Watching Hampshire’s animated gestures as she discusses her big career break over Earl Grey tea at Soho House in Toronto, it’s hard to believe that this lively person was, until fairly recently A) afraid of auditioning and B) on the verge of packing it in. She’d had two decades of steady, small-scale success in Canadian film and television, but hit a turbulent patch.

“I was in a bad place in my life,” she says. “I hadn’t worked in a year, I was getting a divorce, I was getting nervous in auditions.” In fact, she was down to $800 in the bank, and was preparing to move into her friend’s closet in L.A.: “I mean, it was a walk-in closet,” she says, smiling wryly. “And I’m a denning animal, so I like closets.” That’s when she got the casting call for a show about a snooty family that goes bankrupt and is forced to live in a small-town motel.

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Ted Belton

She worked up the courage to audition for CBC’s Schitt’s Creek, although Dan Levy would later tell her that she prefaced her appearance with, “This is going to be horrible,” and hid her face in her shirt. The creators saw through the nervousness, and Hampshire won the part of Stevie. “It feels like a rebirth,” she says of the series, which now counts musician Elton John, comedian Sandra Bernhard and designer and filmmaker Tom Ford as fans. Shortly afterward, she was cast in 12 Monkeys. Between those roles and parts in films like Darren Aronofsky’s Mother!, Hampshire hasn’t had any time off in the past four years. She splits her time between Toronto, where she shoots Schitt’s Creek, and Los Angeles, where 12 Monkeys was filmed.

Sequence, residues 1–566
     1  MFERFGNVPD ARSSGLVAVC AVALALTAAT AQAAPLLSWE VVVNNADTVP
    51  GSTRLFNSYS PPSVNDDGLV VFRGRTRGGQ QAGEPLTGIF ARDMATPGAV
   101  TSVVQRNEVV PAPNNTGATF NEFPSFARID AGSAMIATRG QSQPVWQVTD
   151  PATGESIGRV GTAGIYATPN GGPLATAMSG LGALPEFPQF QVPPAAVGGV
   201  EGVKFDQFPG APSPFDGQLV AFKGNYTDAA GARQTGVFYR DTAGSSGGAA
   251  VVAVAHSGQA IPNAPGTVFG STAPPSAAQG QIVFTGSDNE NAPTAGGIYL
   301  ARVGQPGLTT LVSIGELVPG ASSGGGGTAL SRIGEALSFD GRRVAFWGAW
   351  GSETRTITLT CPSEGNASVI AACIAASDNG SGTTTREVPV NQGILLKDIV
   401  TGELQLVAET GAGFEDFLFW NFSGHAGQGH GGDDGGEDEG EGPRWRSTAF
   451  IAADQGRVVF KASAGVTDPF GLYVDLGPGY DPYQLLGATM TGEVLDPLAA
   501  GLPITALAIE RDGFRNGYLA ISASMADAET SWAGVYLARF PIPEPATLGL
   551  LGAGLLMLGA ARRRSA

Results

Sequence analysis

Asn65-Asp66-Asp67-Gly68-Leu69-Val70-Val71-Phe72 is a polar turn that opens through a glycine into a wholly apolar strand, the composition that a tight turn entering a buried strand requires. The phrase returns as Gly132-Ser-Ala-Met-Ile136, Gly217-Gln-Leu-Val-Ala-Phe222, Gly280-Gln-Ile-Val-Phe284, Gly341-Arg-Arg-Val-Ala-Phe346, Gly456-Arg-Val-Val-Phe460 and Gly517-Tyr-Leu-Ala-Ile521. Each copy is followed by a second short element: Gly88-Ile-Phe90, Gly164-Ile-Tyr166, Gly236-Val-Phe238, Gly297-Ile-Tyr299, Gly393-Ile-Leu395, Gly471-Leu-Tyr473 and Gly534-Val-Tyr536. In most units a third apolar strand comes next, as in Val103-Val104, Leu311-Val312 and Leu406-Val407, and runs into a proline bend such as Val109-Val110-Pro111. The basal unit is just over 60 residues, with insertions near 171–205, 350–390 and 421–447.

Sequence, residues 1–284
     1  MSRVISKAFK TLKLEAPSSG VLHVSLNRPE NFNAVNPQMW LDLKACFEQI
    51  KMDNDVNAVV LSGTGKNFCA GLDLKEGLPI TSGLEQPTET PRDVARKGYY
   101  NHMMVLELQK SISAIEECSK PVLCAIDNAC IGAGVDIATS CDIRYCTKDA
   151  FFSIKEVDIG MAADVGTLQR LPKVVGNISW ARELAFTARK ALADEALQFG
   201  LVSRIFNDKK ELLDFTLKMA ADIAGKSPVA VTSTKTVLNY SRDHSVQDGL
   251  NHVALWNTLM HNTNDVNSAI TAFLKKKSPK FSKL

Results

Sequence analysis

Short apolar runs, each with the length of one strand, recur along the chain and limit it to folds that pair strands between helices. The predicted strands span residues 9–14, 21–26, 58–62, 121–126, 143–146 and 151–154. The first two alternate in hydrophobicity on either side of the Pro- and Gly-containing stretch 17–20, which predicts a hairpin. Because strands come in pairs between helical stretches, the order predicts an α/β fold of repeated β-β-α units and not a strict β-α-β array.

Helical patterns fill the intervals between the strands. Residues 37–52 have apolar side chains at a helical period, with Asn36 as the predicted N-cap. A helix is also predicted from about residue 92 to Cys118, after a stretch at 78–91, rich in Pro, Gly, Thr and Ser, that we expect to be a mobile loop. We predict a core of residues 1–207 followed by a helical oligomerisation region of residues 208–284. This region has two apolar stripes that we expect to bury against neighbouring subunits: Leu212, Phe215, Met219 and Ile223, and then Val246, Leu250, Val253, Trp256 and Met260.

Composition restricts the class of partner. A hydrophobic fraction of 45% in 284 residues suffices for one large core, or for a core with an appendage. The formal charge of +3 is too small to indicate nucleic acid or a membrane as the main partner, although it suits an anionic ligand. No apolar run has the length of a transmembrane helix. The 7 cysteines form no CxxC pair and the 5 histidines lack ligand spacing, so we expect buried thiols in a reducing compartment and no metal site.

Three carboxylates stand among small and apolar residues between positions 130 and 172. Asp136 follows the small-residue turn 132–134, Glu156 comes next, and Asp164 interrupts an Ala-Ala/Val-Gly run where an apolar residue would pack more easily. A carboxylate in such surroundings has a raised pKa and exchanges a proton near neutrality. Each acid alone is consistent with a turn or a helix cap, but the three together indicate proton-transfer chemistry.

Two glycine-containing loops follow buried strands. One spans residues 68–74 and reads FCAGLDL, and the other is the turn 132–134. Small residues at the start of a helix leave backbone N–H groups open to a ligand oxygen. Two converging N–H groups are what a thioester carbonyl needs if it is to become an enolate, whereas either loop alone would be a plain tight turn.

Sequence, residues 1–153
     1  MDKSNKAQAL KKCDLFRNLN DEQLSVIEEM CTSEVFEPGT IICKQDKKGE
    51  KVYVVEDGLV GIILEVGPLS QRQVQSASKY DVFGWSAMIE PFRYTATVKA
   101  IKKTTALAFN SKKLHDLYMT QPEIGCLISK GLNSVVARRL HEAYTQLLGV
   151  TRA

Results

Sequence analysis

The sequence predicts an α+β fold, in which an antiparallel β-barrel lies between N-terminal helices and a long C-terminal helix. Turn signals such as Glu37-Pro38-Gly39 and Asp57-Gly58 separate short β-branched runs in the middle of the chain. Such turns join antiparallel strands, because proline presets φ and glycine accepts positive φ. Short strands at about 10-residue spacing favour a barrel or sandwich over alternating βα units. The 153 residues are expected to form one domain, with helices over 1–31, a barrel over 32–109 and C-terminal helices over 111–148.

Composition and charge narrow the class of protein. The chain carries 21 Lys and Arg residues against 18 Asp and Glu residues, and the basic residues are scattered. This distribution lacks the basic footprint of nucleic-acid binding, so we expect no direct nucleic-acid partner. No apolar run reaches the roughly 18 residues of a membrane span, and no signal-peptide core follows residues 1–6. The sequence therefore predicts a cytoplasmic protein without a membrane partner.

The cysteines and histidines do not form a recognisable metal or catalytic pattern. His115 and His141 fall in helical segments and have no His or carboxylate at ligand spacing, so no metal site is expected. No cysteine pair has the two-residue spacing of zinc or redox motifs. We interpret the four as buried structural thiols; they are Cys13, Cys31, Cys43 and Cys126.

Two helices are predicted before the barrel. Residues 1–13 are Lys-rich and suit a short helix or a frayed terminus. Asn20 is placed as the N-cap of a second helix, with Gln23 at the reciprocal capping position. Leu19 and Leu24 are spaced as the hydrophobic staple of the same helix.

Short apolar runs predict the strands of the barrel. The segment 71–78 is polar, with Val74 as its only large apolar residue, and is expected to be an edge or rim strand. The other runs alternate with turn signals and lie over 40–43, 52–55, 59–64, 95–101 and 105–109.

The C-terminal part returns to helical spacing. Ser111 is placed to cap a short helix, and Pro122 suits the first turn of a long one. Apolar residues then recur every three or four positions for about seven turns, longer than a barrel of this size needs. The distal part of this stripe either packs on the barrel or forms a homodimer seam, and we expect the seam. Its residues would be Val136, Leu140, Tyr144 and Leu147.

“Emily is beyond dedicated,” says Terry Matalas, executive producer of 12 Monkeys. “She has that unique ability to play so many things at once – manic, angry, vulnerable, funny, homicidal, loving. To be able to quickly pivot from one emotion to the next at breakneck speed is what makes [the character] Jennifer work. And that’s all Emily.”